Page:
Quality: 4 out of 5
Trip-o-Meter: 3.25 out of 5
Well, they're pretty straight up folk rock by this point, but we did the last one so let's do this. The angelic-voiced Sandy Denny left just before Fairpoint Convention's "Full House" album, but they retained their classic status until guitarist Richard Thompson left a year or so later. Apparently Denny hated flying, so this window of time gave the band a chance to tour properly while still in their prime. This recording is smooth, if a touch muddy (as opposed to Heyday's crisp, but slightly warped sound) - it is in a echoey club. You'll hear Richard Thompson debuting the signature Fender Stratocaster sting that he's been successfully pushing for over forty years now (although I must admit I slightly prefer his 60's P90-driven Les Paul crunch), and Dave Swarbrick's fiddle is nicely front and center. You'll miss Denny's (and Ian Matthews) vocals if you think about it, but Thompson and Swarbrick are still pretty classic British folk rock vocalists in their own right.
"The Lark in the Morning Medley" and "Jenny's Chickens" are very folky instrumentals that have every right to be cheesy, but the fire under the collective ass of the Convention pushes it into the realm of amazing instead. Then "Sloth" develops into a twelve minute jam out that give the frontline instrumentalist to absolutely explode your minds. It's a little odd to hear Thompson belting out "Matty Groves." We'll get back to my earlier statement, though, that you'll only miss Sandy Denny if you really think about it.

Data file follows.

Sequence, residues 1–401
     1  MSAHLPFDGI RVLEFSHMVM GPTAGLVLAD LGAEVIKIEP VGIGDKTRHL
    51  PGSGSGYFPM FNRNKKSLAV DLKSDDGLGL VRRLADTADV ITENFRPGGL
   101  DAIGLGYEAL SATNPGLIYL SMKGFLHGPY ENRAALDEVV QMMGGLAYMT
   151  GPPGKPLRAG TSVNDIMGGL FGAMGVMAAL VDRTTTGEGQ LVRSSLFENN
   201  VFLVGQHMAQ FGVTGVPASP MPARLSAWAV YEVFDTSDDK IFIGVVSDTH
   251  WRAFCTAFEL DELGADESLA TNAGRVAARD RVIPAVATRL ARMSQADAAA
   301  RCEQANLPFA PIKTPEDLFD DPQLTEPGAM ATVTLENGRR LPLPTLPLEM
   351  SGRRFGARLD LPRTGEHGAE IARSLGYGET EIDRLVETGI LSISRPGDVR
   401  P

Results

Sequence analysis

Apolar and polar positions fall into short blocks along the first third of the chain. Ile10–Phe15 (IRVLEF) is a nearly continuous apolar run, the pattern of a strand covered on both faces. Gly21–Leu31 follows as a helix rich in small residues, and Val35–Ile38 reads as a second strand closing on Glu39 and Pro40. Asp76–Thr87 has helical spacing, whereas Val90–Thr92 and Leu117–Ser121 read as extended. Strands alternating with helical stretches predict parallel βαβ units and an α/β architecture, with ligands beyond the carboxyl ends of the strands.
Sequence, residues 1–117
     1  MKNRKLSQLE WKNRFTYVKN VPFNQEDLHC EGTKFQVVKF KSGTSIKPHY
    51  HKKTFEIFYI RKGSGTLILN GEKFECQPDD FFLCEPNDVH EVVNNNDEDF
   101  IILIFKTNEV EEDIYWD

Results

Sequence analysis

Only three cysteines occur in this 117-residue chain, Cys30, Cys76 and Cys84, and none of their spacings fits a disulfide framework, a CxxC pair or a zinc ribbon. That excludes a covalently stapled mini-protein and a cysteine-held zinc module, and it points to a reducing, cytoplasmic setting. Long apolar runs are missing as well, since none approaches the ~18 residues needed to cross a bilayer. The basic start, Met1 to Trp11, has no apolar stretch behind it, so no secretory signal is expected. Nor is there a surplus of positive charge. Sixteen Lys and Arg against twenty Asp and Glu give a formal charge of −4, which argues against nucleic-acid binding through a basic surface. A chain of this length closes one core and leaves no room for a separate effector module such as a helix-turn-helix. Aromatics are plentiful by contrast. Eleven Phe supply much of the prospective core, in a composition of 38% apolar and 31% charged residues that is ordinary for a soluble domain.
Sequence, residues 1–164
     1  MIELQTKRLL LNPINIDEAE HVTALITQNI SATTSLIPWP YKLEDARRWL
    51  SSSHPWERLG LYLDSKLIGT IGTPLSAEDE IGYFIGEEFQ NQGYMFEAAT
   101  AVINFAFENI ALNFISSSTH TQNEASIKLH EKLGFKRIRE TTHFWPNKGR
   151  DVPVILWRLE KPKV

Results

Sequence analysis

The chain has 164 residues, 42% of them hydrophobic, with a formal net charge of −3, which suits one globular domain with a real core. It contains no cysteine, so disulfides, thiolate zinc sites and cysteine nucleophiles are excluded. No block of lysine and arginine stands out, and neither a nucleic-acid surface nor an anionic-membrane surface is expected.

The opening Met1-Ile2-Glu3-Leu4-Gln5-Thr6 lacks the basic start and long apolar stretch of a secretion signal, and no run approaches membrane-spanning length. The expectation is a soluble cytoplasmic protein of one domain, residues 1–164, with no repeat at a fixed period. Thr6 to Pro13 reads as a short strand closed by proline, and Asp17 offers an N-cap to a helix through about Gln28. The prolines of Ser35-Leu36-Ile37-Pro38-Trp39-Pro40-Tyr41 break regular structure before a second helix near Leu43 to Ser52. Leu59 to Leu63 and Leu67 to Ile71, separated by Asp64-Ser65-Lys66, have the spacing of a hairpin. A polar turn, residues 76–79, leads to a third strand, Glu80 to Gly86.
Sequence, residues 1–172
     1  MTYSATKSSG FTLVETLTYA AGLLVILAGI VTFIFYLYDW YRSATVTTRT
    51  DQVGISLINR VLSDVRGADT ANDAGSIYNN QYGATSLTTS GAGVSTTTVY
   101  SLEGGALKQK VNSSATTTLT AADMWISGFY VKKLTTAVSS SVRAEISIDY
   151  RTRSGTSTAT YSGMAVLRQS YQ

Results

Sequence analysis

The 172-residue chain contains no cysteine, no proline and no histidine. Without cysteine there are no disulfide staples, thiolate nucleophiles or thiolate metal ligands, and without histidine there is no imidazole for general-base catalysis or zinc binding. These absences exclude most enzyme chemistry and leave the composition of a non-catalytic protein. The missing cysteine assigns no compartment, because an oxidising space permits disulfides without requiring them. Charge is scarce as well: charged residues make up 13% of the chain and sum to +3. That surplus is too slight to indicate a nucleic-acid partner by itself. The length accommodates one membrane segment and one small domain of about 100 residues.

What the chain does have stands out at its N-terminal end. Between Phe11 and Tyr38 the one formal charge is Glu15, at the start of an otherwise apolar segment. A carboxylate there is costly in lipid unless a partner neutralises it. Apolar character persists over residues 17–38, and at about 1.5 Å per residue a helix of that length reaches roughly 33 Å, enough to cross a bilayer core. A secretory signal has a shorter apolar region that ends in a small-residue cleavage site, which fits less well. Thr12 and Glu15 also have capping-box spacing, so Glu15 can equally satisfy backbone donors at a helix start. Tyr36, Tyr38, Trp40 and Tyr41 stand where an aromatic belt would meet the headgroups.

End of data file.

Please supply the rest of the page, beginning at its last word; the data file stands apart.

This is not quite as essential as the Heyday set, but it's another one whose existence eluded my until my trip to the Ueda Departo last week. While Heyday lives up to its title, this one displays the fully focused instrumental firepower that the Convention possessed at their best.
P.S. - Pour out a little bit of your 40oz. for Dave Mattack's drumming here as well.